Saturday, August 30, 2014

Negotiating Tokyo Traffic - more art than science

Tokyo traffic is not the nightmare it used to be. In the last few years new cars are being registered at half the rate they were in the 1980's and early '90's as people keep their old one's longer and the youth have decided a trip to Hawaii is preferable to road tax. Indeed, crossing Tokyo during most times of the day is simple and quick and just requires a few dollars for highway toll fees.

That is except on a Saturday morning. Unusual characteristics come into play at this time. If it's a long weekend don't even try after 6.30am or before 12.00 noon. But if last week was a long weekend the roads will be more than likely clear as everyone wakes up remembering the nightmare of a few days before and decide to have a coffee and read the paper instead.

School holidays make a big difference. The final weekend before school starts can be horrendous whereas the first weekend after school starts can be a lonely affair. And then there's Golden Week in May and Obon in August. Only try to get out of Tokyo then if you really enjoy stationary traffic. But if you're OK with Japanese then you can help yourself a little. The Highway's Authority maintain an excellent real time website not only showing you current traffic but also forecast traffic for the next few days.

Enjoy your trip. Next article, the ever increasing tolls on Japan's highways...

Saturday, August 23, 2014

Farewell Citibank, it's been a good run

[Update] The letter has finally arrived. Apparently I'm a valued customer but not quite valued enough to stay around for. By October 2015 all assets and staff of Citibank's retail division will have been transferred to SMBC. I'm glad for the staff, it can't have been easy for the last few months. In theory nothing changes but lets wait and see if the international support remains the same. Anyway, as the phrase goes, "So long Citibank and thanks for all the fish".


Farewell Citibank, it's been a good run. Yesterday came the announcement that Citibank, after more than 100 years, is withdrawing from the Japanese retail market. Apparently there simply isn't money to be made and the business has been loss making for some years with little prospect of recovery. When interest rates have been effectively zero for over a decade it really was just a matter of time.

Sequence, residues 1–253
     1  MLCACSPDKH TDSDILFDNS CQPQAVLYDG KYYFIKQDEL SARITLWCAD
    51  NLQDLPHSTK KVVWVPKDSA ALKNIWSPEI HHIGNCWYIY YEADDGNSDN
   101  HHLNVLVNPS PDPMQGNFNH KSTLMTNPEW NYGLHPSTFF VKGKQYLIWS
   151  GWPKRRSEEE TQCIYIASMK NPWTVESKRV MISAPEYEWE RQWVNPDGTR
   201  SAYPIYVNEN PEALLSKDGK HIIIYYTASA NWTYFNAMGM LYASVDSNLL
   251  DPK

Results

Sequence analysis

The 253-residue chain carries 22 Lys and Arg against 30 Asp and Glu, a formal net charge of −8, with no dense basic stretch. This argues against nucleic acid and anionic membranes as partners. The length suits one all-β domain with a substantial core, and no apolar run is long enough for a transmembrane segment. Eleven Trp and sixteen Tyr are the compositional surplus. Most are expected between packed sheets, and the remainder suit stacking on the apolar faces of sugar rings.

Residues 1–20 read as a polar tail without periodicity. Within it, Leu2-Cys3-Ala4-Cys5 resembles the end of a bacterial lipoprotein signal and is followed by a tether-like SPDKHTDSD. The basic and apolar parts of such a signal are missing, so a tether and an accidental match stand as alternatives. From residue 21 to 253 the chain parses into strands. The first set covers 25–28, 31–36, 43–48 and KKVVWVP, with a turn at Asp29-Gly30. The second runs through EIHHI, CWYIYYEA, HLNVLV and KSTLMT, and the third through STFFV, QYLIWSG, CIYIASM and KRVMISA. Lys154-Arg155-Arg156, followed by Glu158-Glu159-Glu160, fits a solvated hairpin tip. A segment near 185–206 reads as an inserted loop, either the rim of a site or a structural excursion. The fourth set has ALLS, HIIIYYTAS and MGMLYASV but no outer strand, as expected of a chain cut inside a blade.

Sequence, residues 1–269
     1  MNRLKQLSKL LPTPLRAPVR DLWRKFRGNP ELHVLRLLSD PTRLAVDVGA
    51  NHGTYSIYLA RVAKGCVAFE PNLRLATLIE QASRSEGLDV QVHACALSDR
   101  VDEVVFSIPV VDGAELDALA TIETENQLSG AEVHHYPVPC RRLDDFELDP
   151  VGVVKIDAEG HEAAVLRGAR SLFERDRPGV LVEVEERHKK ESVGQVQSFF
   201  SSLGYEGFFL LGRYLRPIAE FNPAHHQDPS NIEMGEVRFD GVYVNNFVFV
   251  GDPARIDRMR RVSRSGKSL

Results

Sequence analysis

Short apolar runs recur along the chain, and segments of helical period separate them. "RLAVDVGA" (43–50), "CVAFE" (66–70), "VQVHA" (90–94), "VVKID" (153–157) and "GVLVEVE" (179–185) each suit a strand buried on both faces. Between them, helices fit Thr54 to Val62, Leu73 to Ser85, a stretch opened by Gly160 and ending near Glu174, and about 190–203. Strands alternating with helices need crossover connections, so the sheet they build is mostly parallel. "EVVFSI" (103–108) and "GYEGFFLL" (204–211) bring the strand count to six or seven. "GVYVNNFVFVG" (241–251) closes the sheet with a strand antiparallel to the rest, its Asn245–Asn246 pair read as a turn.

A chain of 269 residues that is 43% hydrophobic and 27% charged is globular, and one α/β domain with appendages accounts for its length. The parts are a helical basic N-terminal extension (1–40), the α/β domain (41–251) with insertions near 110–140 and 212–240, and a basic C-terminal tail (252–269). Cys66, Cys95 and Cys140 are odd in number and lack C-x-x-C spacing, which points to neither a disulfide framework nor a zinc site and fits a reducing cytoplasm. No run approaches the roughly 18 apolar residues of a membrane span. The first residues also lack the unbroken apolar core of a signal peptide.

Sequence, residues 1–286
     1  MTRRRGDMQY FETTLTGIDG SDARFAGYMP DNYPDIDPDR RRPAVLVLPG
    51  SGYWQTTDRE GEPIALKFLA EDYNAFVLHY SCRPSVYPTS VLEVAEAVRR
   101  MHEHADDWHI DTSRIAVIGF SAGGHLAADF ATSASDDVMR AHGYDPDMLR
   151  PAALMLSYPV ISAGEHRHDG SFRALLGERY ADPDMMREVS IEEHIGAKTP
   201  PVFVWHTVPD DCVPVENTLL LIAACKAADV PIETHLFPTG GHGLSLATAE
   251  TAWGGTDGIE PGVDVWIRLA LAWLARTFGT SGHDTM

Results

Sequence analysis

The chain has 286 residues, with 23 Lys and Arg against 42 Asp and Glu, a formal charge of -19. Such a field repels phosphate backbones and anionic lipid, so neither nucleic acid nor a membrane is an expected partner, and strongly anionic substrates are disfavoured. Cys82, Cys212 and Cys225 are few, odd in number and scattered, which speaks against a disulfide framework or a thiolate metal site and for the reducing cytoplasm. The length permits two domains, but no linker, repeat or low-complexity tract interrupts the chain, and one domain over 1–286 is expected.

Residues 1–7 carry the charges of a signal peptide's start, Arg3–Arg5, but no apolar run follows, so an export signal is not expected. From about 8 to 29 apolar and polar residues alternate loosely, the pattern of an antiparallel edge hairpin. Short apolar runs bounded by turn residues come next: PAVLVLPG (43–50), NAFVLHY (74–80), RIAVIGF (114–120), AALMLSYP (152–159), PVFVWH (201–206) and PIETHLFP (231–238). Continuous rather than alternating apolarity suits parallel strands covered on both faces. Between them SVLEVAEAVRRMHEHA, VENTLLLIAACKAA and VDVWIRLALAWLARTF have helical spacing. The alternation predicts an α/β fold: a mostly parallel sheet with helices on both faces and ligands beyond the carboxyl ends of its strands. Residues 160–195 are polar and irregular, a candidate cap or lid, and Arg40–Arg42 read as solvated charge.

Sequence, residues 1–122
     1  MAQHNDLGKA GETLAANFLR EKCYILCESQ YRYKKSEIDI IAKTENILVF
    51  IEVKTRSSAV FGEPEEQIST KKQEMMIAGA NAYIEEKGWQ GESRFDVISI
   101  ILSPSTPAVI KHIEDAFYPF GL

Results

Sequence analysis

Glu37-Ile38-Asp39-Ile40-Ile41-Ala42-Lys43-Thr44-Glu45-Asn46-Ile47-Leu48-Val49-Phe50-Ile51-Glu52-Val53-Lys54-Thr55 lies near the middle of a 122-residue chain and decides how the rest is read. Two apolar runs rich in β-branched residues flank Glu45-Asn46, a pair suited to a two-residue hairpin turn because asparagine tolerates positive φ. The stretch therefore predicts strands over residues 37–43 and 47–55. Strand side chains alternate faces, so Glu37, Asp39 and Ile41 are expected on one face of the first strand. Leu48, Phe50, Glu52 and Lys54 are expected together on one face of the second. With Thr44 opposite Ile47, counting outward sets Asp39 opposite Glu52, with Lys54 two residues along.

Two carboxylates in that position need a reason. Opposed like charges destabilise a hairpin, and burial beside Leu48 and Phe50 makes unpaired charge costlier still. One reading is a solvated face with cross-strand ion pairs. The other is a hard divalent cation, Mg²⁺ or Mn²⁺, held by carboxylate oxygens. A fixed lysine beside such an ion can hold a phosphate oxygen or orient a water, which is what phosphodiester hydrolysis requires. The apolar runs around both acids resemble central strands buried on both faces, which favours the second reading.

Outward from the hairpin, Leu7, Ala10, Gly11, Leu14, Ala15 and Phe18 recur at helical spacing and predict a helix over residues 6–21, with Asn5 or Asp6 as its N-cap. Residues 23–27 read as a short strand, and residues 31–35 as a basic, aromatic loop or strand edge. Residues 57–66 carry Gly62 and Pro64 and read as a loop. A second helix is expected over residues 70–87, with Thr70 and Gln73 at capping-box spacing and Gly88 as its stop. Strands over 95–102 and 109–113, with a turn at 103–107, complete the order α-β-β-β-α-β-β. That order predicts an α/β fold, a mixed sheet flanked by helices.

So why am I so concerned about this, it's just a bank after all. Well yes, and no. I first opened my Citi account in 1992 soon after arriving in Japan. The domestic banks, much to the surprise of my Japanese colleagues, had declined to engage my business as I was a foreigner, but Citi welcomed me in with open arms and English language application forms. It was also the only bank in town at the time that kept their cash machines open after 6.00PM on week days, opened at all on Saturdays and Sundays and also allowed international withdrawals.

And so they are leaving. At the moment there is little news on a potential buyer or whether the business will simply cease to exist. And then I'm back to banking in Japanese, writing forms in kanji and taking traveller's cheques when I go on vacation. It's really not the language though that concerns me though. It's the reason for the very comfortable chairs in every reception of every domestic bank in the country. My friends tell me they're pleasantly relaxing as you wait for over an hour to complete the forms for a simple international transfer. As I say, farewell Citibank, it's been a good run.

Thursday, August 21, 2014

Narita - the painful way to start your journey

Narita is Japan's main international airport similar to JFK for New York, Heathrow in London or even Charles de Gaul to Paris. The main difference is that it's actually 80km's from central Tokyo and only has two runways, one of which requires a taxi time of some twenty five minutes (before queues). Having recently travelled again outside Japan I was reminded how painful it is to get there and back and am always left with a feeling that it should be closed and relocated somewhere passengers would actually like to fly from. 

There are various options for getting there. The Narita Express is a dedicated train however is limited to speeds so as not to compete with the bus service. It also starts late and finishes early so not the best option if you're taking a red eye flight. There are high speed trains but these depart from Nippori, an area of Tokyo that is almost as difficult to get to as the airport itself. There are also the limousine buses (a coach to you or I) that depart from most of the main hotels across the city however these run the risk of being caught in flight missing traffic jams.

And then there is Haneda in downtown Tokyo. For years this was limited to a single international flight to Hawaii but not anymore. A new international terminal and an expanding list of carriers and destinations is beginning to provide a real alternative to the ageing Narita. Even though many of the flights are early morning or late at night, it's easy. And a new line has just been announced that will cut the time from Tokyo station to a very amenable eighteen minutes. I like Haneda. I dread Narita.